In the early 2000s, my lab undertook a series of experiments that confirmed this prediction and supported the idea that addiction can be seen as a pathological form of learning and memory: Drugs of abuse usurp the same synaptic-plasticity mechanisms the brain uses for learning and remembering.
Some experimental therapies being tested in addiction are aimed at reversing the pathological synaptic plasticity generated by the drugs.
3. Do other psychiatric disorders besides addiction involve glitches in the brain’s reward system?
Yes. For example, a hallmark of depression is the inability to experience pleasure. We and others have found in mice that altered synaptic plasticity in the nucleus accumbens and in dopamine neurons contribute to behavioral changes accompanying depression.
For most of us, hanging out with friends is a highly rewarding experience. Synaptic plasticity plays an important role in generating the rewarding aspects of these social interactions. But we’ve found, to our surprise, that although dopamine is released in the nucleus accumbens during social interactions, another special chemical messenger called serotonin appears to be even more important.
We’ve shown that serotonin release in the nucleus accumbens is critical to positive, non-aggressive social interactions. At least in mouse models of autism spectrum disorder, this serotonin release is abnormal.
We examined a drug that mimics some of serotonin’s actions in the nucleus accumbens, and we showed that this drug can restore more normal social behavior in mice. A biotech company I co-founded [with Stanford professor of bioengineering and of psychiatry and behavioral sciences Karl Deisseroth, MD, Ph.D.] is pursuing these findings and will be testing a related drug in individuals with autism spectrum disorder in the next few months. Similar social deficits accompany schizophrenia and depression.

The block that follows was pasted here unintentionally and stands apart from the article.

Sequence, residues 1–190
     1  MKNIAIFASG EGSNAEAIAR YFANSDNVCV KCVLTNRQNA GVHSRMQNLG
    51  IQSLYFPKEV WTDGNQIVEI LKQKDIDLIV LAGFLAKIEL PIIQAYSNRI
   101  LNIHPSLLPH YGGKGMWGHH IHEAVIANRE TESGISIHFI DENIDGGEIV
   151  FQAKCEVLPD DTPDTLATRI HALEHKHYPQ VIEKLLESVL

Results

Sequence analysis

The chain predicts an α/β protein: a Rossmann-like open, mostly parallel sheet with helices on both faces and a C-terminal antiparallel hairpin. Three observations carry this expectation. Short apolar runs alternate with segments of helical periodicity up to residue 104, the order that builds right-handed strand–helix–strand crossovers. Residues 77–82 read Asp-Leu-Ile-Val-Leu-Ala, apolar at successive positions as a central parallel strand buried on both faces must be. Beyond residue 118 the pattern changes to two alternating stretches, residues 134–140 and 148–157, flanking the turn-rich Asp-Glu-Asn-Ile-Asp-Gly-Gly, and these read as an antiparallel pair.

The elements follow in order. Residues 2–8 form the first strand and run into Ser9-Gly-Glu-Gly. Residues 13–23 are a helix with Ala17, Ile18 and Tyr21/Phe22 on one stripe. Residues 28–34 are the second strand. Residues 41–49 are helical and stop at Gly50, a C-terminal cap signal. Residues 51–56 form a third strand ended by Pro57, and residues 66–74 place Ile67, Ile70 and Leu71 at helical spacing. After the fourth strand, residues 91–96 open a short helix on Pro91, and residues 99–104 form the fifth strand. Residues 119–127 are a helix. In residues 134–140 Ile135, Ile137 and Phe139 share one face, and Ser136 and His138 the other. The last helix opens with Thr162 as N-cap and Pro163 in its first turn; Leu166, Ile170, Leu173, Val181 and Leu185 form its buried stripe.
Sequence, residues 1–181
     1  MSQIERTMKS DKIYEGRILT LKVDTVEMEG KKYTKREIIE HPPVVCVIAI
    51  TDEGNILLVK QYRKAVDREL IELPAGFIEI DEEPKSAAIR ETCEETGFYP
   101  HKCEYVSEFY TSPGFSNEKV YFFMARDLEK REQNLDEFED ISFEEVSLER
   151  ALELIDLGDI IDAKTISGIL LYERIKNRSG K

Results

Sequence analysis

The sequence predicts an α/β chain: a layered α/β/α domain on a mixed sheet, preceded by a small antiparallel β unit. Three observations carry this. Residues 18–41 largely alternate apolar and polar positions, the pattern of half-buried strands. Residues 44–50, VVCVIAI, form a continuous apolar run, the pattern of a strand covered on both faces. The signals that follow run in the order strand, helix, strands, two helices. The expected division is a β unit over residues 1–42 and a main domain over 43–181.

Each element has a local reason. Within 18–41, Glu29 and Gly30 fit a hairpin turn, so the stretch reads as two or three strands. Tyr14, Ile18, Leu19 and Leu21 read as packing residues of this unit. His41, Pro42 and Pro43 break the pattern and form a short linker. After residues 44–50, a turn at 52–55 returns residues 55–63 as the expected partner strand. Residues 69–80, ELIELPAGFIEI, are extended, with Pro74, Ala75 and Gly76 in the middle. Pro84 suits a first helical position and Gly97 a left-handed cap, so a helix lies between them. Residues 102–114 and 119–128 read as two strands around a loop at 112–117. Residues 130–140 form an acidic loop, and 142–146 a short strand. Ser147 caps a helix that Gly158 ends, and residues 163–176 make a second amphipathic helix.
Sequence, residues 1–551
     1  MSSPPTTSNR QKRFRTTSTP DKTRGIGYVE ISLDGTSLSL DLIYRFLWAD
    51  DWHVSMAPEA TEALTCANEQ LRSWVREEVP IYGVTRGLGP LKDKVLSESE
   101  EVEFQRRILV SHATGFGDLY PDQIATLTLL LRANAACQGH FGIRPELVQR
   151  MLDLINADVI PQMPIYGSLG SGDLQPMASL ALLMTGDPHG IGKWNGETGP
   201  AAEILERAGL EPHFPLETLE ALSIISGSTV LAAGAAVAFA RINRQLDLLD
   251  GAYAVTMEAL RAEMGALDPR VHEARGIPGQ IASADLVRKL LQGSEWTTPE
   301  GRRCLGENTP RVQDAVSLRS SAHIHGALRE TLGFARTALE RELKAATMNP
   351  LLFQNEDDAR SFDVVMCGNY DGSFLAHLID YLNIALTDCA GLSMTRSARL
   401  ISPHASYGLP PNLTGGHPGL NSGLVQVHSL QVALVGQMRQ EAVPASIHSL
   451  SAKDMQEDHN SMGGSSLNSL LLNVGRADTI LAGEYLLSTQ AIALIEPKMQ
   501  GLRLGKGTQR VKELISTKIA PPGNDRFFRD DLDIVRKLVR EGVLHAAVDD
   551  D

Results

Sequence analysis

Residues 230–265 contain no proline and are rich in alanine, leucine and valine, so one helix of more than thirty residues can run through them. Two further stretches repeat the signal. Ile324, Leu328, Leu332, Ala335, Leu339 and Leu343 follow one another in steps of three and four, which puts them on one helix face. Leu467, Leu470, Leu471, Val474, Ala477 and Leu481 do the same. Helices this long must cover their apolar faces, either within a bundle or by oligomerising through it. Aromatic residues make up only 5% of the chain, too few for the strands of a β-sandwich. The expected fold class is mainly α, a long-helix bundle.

Most recently, you’ve been exploring the therapeutic potential of certain psychedelic drugs that are banned because of their addictive or other worrisome properties. What’s their clinical potential?
The psychedelic drug I’ve studied the most, with my colleague Boris Heifets [MD, Ph.D., assistant professor of anesthesiology, perioperative and pain medicine] is MDMA, also known as ecstasy or molly. MDMA promotes positive, prosocial interactions and feelings in human beings. And it’s known to cause the massive release of serotonin in the brain.
Using mice, we have tied MDMA’s prosocial effects to this release of serotonin in the nucleus accumbens. Because MDMA seems to have similar effects in mice and human beings, we reason that anything we find in mice should have direct relevance to how it works in people.
MDMA is being tested as a treatment for several different psychiatric conditions, notably post-traumatic stress disorder. In clinical trials, its efficacy in enhancing the usefulness of psychotherapy is very promising, and it may get approved by the FDA in the next year or two. But MDMA is an amphetamine derivative, so it has abuse potential and addictive liability.
This aspect of MDMA’s action, we learned, is due to its causing dopamine release in the nucleus accumbens. A “better” MDMA-like compound with MDMA’s prosocial effects, but with little or no abuse potential, could be useful in treating a broad range of illnesses that are accompanied by social withdrawal.
Do any other psychedelic drugs show promise?
Heifets and I are studying psilocybin. Small clinical trials suggest that it may have great therapeutic utility in, for example, severe forms of depression. Drugs such as MDMA and psilocybin are powerful probes of brain function.
We can experiment with mice to figure out exactly which synapses and brain pathways these drugs are modifying to mediate their powerful behavioral effects.
With appropriate ethical constraints, we can give these substances to human volunteers and use brain imaging to figure out whether the brain pathways in mice that are modified by these drugs are also changed in human brains.
A lot more research needs to be done before these drugs can be used safely as therapies. They’re very powerful; they can do damage as well as good. We need to understand how they work so we can use them appropriately and make better versions of them.
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Author: Bruce Goldman
Contact: Bruce Goldman – Stanford